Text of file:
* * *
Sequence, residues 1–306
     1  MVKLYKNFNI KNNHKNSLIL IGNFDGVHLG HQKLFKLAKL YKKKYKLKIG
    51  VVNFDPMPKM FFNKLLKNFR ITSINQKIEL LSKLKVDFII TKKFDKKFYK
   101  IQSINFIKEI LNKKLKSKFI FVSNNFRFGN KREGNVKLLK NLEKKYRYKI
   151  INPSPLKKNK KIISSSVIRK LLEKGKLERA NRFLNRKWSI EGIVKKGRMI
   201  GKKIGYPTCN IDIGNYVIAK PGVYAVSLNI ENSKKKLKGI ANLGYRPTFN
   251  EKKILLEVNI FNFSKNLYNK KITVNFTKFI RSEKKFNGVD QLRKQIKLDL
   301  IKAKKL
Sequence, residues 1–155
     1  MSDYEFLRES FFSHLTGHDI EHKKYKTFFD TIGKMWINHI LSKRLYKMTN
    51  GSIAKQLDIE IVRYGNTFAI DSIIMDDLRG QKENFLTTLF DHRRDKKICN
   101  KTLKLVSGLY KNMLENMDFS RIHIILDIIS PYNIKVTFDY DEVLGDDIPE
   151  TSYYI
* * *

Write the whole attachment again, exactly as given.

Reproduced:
Sequence, residues 1–306
     1  MVKLYKNFNI KNNHKNSLIL IGNFDGVHLG HQKLFKLAKL YKKKYKLKIG
    51  VVNFDPMPKM FFNKLLKNFR ITSINQKIEL LSKLKVDFII TKKFDKKFYK
   101  IQSINFIKEI LNKKLKSKFI FVSNNFRFGN KREGNVKLLK NLEKKYRYKI
   151  INPSPLKKNK KIISSSVIRK LLEKGKLERA NRFLNRKWSI EGIVKKGRMI
   201  GKKIGYPTCN IDIGNYVIAK PGVYAVSLNI ENSKKKLKGI ANLGYRPTFN
   251  EKKILLEVNI FNFSKNLYNK KITVNFTKFI RSEKKFNGVD QLRKQIKLDL
   301  IKAKKL
Sequence, residues 1–155
     1  MSDYEFLRES FFSHLTGHDI EHKKYKTFFD TIGKMWINHI LSKRLYKMTN
    51  GSIAKQLDIE IVRYGNTFAI DSIIMDDLRG QKENFLTTLF DHRRDKKICN
   101  KTLKLVSGLY KNMLENMDFS RIHIILDIIS PYNIKVTFDY DEVLGDDIPE
   151  TSYYI